California’s new labor regulation law has implications far wider than its stated goals (to give gig economy workers more stability and economic security). On the downside, if left unchanged, it will most likely hasten the death of some traditional industries that we appreciate and/or which still play an important role in society (such as local newspapers, which generally rely on independent journalists and haven’t in our evolving “faster, cheaper, more convenient” era found business models that will enable them to survive).
On the other hand, it is a start towards curbing the worst consequences of the new gig economy. For years, ever increasing numbers of people have been obliged to hold two and more jobs just to make ends meet. A growing percentage of these jobs are poorly paid (defined as full-time work that leaves the earner at or under the poverty level) and are configured to pass on full responsibility for social insurances to the job-holder. Figures published just last year show that some 40% of the American population, if confronted with an unexpected bill of $400, would need to borrow the money. This means that 40% of the population of one of the wealthiest countries in the world belong to the new precariat.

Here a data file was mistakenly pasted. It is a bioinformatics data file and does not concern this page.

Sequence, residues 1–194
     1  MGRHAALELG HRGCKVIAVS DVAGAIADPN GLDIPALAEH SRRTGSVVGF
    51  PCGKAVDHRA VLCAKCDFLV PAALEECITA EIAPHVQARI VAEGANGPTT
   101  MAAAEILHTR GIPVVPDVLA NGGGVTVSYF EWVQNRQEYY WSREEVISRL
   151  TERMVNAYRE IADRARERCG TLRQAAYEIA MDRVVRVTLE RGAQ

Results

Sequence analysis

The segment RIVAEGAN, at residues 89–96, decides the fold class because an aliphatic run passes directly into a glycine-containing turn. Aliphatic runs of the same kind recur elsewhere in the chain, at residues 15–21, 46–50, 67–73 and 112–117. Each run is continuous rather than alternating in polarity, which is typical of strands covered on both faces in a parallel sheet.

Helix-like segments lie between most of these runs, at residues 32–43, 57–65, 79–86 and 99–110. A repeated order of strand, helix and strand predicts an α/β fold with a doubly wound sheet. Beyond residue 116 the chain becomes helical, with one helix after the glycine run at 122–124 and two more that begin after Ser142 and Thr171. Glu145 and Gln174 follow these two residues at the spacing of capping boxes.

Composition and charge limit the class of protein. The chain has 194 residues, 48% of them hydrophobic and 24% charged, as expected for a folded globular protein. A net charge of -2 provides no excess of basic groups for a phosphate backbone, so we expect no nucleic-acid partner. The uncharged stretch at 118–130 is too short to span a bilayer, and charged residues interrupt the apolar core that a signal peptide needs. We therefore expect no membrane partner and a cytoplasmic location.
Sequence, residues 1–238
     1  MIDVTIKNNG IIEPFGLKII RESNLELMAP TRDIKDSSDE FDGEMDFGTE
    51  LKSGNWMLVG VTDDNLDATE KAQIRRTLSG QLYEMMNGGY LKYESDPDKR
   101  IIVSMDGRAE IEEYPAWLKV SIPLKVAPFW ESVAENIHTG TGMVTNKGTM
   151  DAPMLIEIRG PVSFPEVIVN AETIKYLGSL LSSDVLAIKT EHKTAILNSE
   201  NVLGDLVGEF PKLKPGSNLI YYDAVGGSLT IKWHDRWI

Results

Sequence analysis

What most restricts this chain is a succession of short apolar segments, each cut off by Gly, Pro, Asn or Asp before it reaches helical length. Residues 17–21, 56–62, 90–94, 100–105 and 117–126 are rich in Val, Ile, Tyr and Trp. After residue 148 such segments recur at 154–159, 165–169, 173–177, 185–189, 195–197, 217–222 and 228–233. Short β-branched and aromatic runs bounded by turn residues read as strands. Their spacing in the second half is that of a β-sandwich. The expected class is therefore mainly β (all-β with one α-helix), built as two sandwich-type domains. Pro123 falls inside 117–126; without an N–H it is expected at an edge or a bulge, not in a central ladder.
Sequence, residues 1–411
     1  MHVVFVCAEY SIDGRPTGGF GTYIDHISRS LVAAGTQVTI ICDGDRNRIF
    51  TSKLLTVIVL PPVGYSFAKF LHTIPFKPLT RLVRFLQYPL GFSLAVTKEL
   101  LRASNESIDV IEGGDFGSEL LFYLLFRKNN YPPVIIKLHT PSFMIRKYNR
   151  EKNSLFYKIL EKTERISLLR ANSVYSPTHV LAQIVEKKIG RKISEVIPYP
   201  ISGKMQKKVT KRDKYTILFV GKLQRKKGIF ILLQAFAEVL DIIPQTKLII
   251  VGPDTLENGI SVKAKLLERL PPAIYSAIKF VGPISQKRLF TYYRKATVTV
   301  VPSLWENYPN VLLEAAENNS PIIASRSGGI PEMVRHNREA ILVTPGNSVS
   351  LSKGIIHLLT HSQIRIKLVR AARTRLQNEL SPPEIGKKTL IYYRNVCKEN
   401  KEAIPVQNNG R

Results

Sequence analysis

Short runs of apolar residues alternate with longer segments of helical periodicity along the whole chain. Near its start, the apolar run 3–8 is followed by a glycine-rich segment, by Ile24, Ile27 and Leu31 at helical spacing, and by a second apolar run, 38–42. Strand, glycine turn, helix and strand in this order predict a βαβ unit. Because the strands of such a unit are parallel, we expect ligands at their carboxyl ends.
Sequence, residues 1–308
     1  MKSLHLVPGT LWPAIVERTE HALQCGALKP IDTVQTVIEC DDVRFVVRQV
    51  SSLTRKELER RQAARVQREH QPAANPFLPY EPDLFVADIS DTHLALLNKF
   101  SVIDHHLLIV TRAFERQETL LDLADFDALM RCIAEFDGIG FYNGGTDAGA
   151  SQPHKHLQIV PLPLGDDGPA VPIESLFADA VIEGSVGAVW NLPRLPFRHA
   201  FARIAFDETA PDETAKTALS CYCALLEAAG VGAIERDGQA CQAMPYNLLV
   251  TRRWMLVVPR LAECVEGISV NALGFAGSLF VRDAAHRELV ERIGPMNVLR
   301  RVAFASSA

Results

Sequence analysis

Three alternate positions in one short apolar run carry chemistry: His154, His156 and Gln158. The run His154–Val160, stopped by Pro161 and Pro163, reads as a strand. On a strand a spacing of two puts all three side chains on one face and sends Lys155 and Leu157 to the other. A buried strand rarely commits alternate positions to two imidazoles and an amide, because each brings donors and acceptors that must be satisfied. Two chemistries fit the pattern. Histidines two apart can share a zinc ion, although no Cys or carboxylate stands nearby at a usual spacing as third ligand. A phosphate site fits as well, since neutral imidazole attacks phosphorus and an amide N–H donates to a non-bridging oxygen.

Even if one appreciates flexibility, there is no denying that these practices contribute significantly to the ever-widening gap between haves and have-nots in our society.
However, there are other dimensions to the problem, which will not be fully addressed by this law, and with which cities and communities world-wide are grappling due to the seismic changes being wrought by the gig economy: inner cities devastated by the loss of brick-and-mortar businesses unable to compete with online ordering; pollution and traffic chaos caused by delivery vans; loss of income through taxes, etc.
In my view, it is time to take a holistic view to the impacts of the gig economy and regulate accordingly, so that quality of life is not irretrievably sacrificed to the economic gain of a few individuals. And if paying its drivers a living wage makes Uber go bust, then perhaps there is an issue with the business model itself. Slavery and servant bondage were outlawed centuries ago. Do we really need to bring them back?